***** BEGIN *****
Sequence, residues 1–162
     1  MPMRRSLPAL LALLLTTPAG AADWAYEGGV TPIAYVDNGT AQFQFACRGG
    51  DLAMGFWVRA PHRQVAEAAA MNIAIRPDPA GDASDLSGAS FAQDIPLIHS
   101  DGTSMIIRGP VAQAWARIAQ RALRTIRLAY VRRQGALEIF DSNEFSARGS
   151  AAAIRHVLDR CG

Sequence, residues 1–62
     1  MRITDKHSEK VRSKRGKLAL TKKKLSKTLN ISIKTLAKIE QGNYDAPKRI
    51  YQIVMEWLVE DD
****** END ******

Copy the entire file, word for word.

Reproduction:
Sequence, residues 1–162
     1  MPMRRSLPAL LALLLTTPAG AADWAYEGGV TPIAYVDNGT AQFQFACRGG
    51  DLAMGFWVRA PHRQVAEAAA MNIAIRPDPA GDASDLSGAS FAQDIPLIHS
   101  DGTSMIIRGP VAQAWARIAQ RALRTIRLAY VRRQGALEIF DSNEFSARGS
   151  AAAIRHVLDR CG

Sequence, residues 1–62
     1  MRITDKHSEK VRSKRGKLAL TKKKLSKTLN ISIKTLAKIE QGNYDAPKRI
    51  YQIVMEWLVE DD